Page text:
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Intermodulation: Improvisation and Collaborative Art ... · PDF file theories of improvisation drawn from art, music, HCI and social science, and two ethnographic studies based on

May 14, 2020




  • Intermodulation: Improvisation and Collaborative Art Practice for HCI Laewoo (Leo) Kang

    Information Science, Cornell University, Ithaca, NY

    [email protected]

    Steven J. Jackson Information Science, Cornell

    University, Ithaca, NY [email protected]

    Phoebe Sengers Information Science, Cornell

    University, Ithaca, NY [email protected]

    ABSTRACT This paper integrates theory, ethnography, and collaborative artwork to explore improvisational activity as both topic and tool of multidisciplinary HCI inquiry. Building on theories of improvisation drawn from art, music, HCI and social science, and two ethnographic studies based on interviews, participant observation and collaborative art practice, we seek to elucidate the improvisational nature of practice in both art and ordinary action, including human- computer interaction. We identify five key features of improvisational action – reflexivity, transgression, tension, listening, and interdependence – and show how these can deepen and extend both linear and open-ended methodologies in HCI and design. We conclude by highlighting collaborative engagement based on ‘intermodulation’ as a tool of multidisciplinary inquiry for HCI research and design. Author Keywords improvisation; art practice; creativity; collaboration.

    “This conviction that direct deed is the most meaningful reflection, I believe, has prompted the evolution of the extremely severe and unique disciplines of the jazz or improvisational musician… Aside from the weighty technical problem of collective coherent thinking, there is the very human, even social need for sympathy from all members to bend for the common result.”

    - Bill Evans, liner notes to Kind of Blue [19] INTRODUCTION The introduction of artistic methods and processes into academic research can enrich and enliven both research and art. In the HCI research community, art-based methods have begun to push and refigure core HCI notions of collaboration, design, and arguably computing itself (see, inter alia, [18,28,32,33]). Artists’ creative processes and

    outcomes can help us to see and imagine opportunities and dimensions of technology and design that may elude more behavioral or engineering models [5,17,41]. In recent years, a range of artistic practices – from performance-based, to collective making, to adversarial engagement - have been highlighted as types of research methods that may draw on, widen, and extend interdisciplinary and experimental approaches [6,9,31,40,61].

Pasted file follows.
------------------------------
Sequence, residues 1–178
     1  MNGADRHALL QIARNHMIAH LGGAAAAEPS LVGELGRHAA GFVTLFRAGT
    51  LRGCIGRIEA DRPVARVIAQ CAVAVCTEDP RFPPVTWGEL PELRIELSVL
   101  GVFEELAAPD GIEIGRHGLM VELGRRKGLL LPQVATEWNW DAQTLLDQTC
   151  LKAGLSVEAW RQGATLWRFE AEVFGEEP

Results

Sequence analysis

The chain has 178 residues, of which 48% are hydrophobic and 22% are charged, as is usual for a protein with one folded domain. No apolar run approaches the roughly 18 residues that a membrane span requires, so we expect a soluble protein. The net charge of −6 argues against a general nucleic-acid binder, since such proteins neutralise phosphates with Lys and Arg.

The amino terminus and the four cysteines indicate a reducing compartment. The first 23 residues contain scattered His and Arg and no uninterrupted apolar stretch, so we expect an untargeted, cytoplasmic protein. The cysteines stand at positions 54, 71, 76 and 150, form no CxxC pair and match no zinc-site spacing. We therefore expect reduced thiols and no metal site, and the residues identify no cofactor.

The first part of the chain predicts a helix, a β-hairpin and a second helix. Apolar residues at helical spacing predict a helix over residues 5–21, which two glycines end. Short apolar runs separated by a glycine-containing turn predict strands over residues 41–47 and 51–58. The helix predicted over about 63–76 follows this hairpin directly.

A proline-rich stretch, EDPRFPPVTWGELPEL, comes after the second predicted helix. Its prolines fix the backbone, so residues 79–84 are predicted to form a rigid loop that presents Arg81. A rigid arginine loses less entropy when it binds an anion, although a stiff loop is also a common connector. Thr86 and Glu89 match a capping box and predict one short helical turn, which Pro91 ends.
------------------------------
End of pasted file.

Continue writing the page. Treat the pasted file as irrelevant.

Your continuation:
This paper builds on this work to explore the forms of improvisational and open-ended learning commonly found in collaborative art and musical practices, and their potential as methods for HCI research and inquiry. Rather than casting improvisational art practices primarily as a step on the way to more systematic forms of thinking [39], as mysterious and personal matters of voice and expression [37], or as inscrutable sources of inspiration for more recognized forms of scholarly work, here we explore their potential as valid and generative research sites and activities in their own right. Our goal is to further understanding of the potential and nature of such artistic approaches to generating insight for HCI research. We do so by exploring existing theory and two sets of empirical studies based on the study team’s ethnography and collective art practice.

    Derived from a Latin word meaning “unforeseen”, improvisation refers broadly to the practice of composing or inventing extemporaneously, through some kind of responsive and situationally-dependent departure from pre- formed plans or expectation [44,57]. More recently, the word has been used to indicate a process of “un- premeditated” composition or performance across a wide range of fields or endeavors. Outside the worlds of musical and artistic performance, the language of improvisation has sometimes been adopted to underscore the indeterminate and evolutionary qualities of everyday human behavior, and as such has begun to challenge and inspire work across a broad range of disciplines: from anthropology, economics and cognitive science; to architecture and urban planning; to mechanical and robot engineering [27,42].

    HCI work to date has explored improvisation across several dimensions. This includes theoretical analysis around forms of complexity and uncertainty in human-computer interactions and the emergent and “circumstantial” character of human action [2,9,43,45,58]; and as a creative methodological approach wherein improvisational practices